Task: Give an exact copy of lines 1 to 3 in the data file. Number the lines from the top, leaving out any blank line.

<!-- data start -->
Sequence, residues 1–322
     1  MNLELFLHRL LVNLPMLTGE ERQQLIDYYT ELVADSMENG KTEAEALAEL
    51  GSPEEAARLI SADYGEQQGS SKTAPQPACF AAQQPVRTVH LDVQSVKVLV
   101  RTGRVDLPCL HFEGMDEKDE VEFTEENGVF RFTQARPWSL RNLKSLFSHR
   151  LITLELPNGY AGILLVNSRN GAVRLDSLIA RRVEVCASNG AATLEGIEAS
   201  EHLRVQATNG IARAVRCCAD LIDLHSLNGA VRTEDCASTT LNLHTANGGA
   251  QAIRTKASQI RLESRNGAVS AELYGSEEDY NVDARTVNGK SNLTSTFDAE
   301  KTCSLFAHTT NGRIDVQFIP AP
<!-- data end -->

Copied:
Sequence, residues 1–322
     1  MNLELFLHRL LVNLPMLTGE ERQQLIDYYT ELVADSMENG KTEAEALAEL
    51  GSPEEAARLI SADYGEQQGS SKTAPQPACF AAQQPVRTVH LDVQSVKVLV